As such, it's pretty easy to conclude that this proposal would be a hit to every team in the Big Ten.  If a coach has a player on his roster, but can't play them simply because they are a first year student, this is a disadvantage.  Even though not every team this season relied on freshmen significantly, it will happen at some point.  Look at Ohio State.  By season's end, they had two freshmen starters and made the Round of 32 in the Tourney.  If D'Angelo Russell and Jae'Sean Tate aren't there, Ohio State probably isn't an NCAA Tournament team as the field sits right now.  Things would certainly differ if the plan was instituted nationwide, but the Buckeyes would have undeniably taken a hit.

This plan also would represent a hit for the players.  In theory, the players would get a year to get comfortable with college and focus on their academics, but is that really that accurate?  To start, it's not as if the players won't have practice just because they are ineligible.  They will be on the scout team and do pretty much everything all the other players do except dress for games and travel with the team.  There would be some extra time there, but you have to question the extent of this additional time.

The other thing is that you risk losing elite talent.  Why would a potential NBA Lottery pick go to college to sit on the bench for a year?  They'll either go to another conference or go overseas.  Your major 5-star prospects are going to be focused on getting to the NBA no matter how much you want them to focus on school.  It's just reality and it's hard to argue how the Big Ten gets better players with the best recruits going elsewhere.

"Delany and company need to stop trying to use a bucket to get water out of their sinking ship and simply come to the realization that they need a new ship altogether."-Thomas Beindit

Another - and perhaps the most significant - hit to the players is that they would be losing something they enjoy.  Players spend countless hours in the gym, reviewing tape, and preparing themselves for the season.  Essentially, with this move, the Big Ten and/or NCAA would be telling freshmen that although they put in the same work and just about identical time as the older players, they wouldn't actually get the reward of playing simply due to their age.  Freshman year is often the toughest for most students academically, but have a player still practice, but no longer dress or practice with the team and removing his incentive to play doesn't seem to be very player-friendly.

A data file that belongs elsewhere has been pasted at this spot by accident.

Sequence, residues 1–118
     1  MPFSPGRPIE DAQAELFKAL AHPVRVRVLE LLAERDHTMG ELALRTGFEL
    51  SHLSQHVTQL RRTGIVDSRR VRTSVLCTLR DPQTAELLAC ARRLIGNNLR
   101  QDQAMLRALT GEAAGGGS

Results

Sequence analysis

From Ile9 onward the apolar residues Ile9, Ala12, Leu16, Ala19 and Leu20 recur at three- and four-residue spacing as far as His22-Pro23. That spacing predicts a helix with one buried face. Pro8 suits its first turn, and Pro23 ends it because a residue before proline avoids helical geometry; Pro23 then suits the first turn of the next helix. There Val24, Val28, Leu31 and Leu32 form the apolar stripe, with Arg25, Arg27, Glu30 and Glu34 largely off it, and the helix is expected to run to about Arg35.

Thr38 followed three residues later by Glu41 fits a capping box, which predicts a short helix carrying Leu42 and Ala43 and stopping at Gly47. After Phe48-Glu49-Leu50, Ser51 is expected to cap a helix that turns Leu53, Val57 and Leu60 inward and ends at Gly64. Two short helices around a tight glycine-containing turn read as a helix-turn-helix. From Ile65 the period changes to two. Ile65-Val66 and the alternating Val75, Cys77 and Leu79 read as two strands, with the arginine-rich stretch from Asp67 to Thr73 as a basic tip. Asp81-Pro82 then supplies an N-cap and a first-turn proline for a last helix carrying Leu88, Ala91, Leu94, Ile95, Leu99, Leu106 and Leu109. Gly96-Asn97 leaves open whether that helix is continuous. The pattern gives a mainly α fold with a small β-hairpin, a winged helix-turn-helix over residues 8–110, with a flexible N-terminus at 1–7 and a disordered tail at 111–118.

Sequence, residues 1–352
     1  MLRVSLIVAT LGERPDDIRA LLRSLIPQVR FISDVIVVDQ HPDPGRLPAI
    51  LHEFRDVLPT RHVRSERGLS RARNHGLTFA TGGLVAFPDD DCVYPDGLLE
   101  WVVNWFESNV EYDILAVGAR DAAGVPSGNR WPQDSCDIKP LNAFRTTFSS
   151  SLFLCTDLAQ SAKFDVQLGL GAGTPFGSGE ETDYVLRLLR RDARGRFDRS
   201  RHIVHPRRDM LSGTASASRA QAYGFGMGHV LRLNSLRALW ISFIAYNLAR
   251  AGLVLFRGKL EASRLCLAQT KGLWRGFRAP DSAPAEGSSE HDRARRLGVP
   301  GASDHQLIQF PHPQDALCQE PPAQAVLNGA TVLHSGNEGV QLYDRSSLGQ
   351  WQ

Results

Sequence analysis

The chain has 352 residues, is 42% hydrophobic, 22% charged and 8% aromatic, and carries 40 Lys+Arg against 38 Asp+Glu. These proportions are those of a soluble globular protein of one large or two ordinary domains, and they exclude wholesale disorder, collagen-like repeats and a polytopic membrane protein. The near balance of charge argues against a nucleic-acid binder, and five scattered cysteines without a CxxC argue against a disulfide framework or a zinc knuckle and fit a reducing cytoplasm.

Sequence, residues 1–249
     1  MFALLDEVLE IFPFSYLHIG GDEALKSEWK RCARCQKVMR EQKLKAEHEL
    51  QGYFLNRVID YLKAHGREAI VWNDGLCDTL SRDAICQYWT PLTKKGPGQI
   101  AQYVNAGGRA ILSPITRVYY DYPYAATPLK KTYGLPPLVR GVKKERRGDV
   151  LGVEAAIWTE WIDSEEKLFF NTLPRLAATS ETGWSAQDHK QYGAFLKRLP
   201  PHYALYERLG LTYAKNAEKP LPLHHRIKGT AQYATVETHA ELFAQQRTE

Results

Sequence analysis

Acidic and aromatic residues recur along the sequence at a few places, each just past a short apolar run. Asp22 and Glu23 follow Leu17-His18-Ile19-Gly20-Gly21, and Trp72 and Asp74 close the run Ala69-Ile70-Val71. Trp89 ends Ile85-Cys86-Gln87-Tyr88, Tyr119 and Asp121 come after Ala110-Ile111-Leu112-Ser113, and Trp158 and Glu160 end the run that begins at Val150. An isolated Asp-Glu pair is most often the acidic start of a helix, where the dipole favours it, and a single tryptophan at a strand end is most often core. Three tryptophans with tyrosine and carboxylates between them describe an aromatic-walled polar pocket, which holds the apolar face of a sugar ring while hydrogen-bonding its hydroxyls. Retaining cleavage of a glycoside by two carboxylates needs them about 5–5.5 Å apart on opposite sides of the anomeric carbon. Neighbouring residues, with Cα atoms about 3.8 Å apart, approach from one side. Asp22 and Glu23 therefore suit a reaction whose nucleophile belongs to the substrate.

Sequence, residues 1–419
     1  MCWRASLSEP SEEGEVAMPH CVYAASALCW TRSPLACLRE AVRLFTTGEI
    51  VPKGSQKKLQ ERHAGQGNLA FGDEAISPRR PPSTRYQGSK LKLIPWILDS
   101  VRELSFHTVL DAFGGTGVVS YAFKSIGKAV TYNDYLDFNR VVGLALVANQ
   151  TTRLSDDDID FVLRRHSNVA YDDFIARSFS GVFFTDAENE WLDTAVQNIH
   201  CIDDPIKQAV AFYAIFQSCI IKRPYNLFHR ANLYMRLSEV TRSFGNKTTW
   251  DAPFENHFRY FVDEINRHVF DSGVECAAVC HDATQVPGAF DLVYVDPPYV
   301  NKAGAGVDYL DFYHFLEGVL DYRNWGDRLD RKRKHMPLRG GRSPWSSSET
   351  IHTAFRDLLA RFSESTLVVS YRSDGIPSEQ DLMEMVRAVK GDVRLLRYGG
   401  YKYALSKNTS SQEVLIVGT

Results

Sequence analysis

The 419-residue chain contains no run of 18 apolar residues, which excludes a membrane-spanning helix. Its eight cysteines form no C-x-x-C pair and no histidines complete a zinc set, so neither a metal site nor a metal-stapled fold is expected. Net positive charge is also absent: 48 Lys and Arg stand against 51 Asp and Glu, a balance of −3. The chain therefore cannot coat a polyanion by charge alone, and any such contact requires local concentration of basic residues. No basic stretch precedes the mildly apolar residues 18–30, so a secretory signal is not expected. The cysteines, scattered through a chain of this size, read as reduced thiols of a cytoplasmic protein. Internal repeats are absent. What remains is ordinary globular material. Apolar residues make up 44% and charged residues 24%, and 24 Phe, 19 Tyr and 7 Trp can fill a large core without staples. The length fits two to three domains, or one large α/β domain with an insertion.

Let's face it, in reality, this proposal would simply be a tool to help the Big Ten and NCAA preserve a system that benefits administrators more than players.  Delany has voiced concern that if the NCAA can't defend education, it is a "house of cards" waiting to fall.  Perhaps the real issue here is that the administrators support a system that compares to a house of cards in the first place, instead of one that looks out for the best interests of teams and players.  It's a plan disguised to benefit players while really benefiting those proposing it.

The NCAA has been under harsh criticism for years and Delany's proposal is just the latest in a long line that doesn't seek to rectify the real issues at play, but rather to strengthen the NCAA's grip on an old and outdated model for college athletics.  Delany and company need to stop trying to use a bucket to get water out of their sinking ship and simply come to the realization that they need a new ship altogether.

Jim Delany has done a lot of great things for the Big Ten.  Whether it was the additions of Nebraska and Penn State or the start of the Big Ten Network, he has helped lead the conference in some great moments.  Unfortunately, his recent support of freshmen ineligibility is not one of them.

The time has come.  It's time for Jim Delany to stop his freshmen ineligibility campaign.